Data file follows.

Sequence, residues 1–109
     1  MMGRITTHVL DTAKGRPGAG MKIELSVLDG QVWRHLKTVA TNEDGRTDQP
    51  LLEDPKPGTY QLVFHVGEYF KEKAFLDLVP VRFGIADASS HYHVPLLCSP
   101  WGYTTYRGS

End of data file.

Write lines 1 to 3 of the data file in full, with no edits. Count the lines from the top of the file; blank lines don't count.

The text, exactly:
Sequence, residues 1–109
     1  MMGRITTHVL DTAKGRPGAG MKIELSVLDG QVWRHLKTVA TNEDGRTDQP
    51  LLEDPKPGTY QLVFHVGEYF KEKAFLDLVP VRFGIADASS HYHVPLLCSP